Don't kid yourself, it's gonna happen: one day, they're going to wake up and be in their mid-thirties. I am reminded of this daily--as she rolls her eyes, throws her hand on her hip and says, "Mommy, I don't NEED your help!" Sometimes I just stand there, looking stunned, wondering how the hell this happened already--she's not even four yet!
Every day, I challenge myself to a peaceful afternoon, void of any arguments with my 3+ year old daughter. I look in the mirror and make my best attempt at an affirmation, "I am a good mother. I love my daughter. I will not fight with her today," then I wake up and hit snooze one more time. Within the first 30 minutes of any given day, we're already at each other’s throats. "What do you want for breakfast? Pancakes? Eggs? Cheerios?" I ask. "Nothin'!" she yells while stripping down to her birthday suit, running frantically through the house screaming. "Come on, sweetie, we've got to get ready for school." I plead. "I'm not GOING to school, you can't MAKE me!" <deep breath; brew coffee>
When my mother and I had our first major fight, which, for the record, I can't recall, she handed me a copy of "Never Let the Sun Set on a Quarrel," by Rod McKuen. It was a small, hardback book filled with random quotes about love. The rule was; whenever we had a fight, the person who had the book in their possession needed to give it to the other person--no matter who was at fault. It was an unspoken apology and constant reminder of how short life is. Sometimes, I would circle a passage from the book and slap a note on that page before giving it back. Other times, I would cut a passage out and glue it to one of my handmade cards. Once, when I was much older, I enclosed The Book in a bouquet of cookies and had it delivered to my mother’s office. There was only one time when the book did not work and it broke my heart. It was the longest I had ever gone without speaking with my mother. I had tried everything, but she wouldn't budge. Finally, after nearly three months, my mother broke her silence. After many tears and hugs, I told my mother, "I don't care if you light me on fire, please don't ever ignore me again!" It was the most psychological punishment I had ever endured and one that I never care to experience again.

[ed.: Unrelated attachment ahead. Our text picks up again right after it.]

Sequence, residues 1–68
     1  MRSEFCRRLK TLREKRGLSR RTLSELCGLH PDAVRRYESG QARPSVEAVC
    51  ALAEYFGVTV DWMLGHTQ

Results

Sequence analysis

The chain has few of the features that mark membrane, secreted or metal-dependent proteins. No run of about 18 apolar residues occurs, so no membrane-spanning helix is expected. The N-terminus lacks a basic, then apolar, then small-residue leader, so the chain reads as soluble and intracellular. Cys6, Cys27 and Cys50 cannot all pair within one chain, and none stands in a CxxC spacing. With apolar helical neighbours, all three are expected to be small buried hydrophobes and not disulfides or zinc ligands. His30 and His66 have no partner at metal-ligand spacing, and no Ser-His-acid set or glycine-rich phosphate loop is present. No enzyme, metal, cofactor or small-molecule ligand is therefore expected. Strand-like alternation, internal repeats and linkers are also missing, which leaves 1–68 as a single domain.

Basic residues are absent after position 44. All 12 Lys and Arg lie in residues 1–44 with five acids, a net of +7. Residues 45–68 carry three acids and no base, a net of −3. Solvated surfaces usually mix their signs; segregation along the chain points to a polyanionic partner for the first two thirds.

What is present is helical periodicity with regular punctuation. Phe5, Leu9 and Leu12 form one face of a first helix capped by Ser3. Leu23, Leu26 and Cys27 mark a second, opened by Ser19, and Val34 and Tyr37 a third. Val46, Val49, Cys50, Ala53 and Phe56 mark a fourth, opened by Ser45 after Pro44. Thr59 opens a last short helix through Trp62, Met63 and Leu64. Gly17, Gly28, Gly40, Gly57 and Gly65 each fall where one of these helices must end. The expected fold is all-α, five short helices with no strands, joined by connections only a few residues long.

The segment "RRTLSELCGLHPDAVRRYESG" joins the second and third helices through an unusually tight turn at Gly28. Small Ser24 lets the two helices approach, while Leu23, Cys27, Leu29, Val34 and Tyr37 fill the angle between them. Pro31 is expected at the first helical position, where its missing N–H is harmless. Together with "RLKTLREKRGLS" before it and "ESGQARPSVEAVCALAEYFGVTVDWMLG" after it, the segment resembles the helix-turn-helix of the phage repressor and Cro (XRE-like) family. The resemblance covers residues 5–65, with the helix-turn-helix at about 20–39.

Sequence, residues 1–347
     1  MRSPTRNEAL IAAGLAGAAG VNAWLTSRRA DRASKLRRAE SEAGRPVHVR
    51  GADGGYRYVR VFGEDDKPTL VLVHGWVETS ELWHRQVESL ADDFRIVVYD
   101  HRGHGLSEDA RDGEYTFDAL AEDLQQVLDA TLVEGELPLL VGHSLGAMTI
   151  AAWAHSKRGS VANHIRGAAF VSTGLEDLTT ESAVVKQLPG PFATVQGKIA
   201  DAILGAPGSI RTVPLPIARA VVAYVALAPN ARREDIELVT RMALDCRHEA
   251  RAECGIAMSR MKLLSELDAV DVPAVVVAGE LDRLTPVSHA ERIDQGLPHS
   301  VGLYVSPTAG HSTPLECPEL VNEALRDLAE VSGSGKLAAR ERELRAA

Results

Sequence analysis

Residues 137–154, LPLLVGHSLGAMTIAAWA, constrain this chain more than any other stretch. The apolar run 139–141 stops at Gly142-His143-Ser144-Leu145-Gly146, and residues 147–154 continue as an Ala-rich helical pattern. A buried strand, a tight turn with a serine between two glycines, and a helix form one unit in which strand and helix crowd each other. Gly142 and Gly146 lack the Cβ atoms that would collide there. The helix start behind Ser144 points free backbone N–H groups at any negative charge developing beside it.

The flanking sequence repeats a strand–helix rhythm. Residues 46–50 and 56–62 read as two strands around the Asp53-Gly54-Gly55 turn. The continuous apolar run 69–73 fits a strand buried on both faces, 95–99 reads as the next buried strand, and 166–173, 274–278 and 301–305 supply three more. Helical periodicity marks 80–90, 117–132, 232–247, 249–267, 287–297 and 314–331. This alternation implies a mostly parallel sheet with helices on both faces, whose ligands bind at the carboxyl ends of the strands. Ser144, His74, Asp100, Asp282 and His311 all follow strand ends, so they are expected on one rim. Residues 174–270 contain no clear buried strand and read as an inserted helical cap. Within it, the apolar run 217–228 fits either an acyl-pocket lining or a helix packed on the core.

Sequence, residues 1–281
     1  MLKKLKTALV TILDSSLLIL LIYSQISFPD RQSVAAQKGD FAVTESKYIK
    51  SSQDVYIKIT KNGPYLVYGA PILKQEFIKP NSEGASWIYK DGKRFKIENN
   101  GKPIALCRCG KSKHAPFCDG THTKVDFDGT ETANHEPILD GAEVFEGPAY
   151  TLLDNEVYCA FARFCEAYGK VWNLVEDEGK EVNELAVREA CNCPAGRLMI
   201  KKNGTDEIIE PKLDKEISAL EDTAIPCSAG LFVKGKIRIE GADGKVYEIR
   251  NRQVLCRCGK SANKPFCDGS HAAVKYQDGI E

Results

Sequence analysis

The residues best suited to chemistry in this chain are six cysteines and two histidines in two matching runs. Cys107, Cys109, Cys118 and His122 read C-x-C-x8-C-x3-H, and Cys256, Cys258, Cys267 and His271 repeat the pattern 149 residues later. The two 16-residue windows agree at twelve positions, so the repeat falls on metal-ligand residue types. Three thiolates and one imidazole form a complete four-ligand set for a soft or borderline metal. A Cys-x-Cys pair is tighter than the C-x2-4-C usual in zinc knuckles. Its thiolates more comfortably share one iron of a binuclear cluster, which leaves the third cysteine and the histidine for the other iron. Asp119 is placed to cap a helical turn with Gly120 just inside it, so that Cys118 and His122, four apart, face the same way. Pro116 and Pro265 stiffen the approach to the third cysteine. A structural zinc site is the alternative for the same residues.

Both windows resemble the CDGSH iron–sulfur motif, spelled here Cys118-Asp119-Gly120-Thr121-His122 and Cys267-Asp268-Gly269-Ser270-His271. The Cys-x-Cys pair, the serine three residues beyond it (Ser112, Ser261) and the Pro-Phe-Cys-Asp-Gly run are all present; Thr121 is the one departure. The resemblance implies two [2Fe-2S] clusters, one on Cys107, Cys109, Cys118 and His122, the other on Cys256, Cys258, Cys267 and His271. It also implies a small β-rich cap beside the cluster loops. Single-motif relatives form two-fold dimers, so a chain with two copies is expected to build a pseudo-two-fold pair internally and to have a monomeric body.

In our house, I am the disciplinary; I'm the good guy, the bad guy and the guy that's about to have a nervous breakdown. I spend 75% of my day trying to get her ready for something: school, bed, or a bath. A couple weeks ago, while attempting to wrestle her into her pajamas, she blurted out, "I don't want you anymore." It had been a longer-than-usual day and my last nerve was frayed and slightly exposed. I burst into tears and ran to get her father. After he read to her, I went back and sat down on the edge of her bed. "You hurt Mommy's feelings earlier." I confessed. "Well you hurt mine!" she retorted. Ignoring her "one-up" comment, I made a second attempt, "Be careful what you wish for, sweetheart... how would you feel if you wished you didn't have Mommy anymore and then something happened to Mommy?" "Sad." she replied. "That's right, you would feel sad. Sometimes we get angry and say things we don't mean but that's not very nice, is it?" I asked. "No. I'm sorry, Mommy, <tears> I love you." "I love you, too. Let's not fight anymore, okay?" We cried and hugged for a few minutes, and I was reminded of one of my favorite quotes from The Book, "Love is loveliest when embalmed in tears," Sir Walter Scott.
Life is short. Before you know it, they'll be out of your house, living separate lives and creating new memories with their own children. You're gonna fight with your kids, it's a given, but how long those arguments last and how they are resolved is all dependent on you. Do yourself a favor and try to be the bigger man (even when you don't want to), and teach your kids to do the same. I believe The Book, is out of publication, but I was lucky enough to pick up an extra copy several years ago (before my daughter was born). It's sitting in a box in our attic, but one day, I will have to give it to Isla and create my own (new) memories with my daughter. I can't be sure, but I'm willing to bet that she'll do the same for her kid(s) one day--I only hope I'm still around to see it.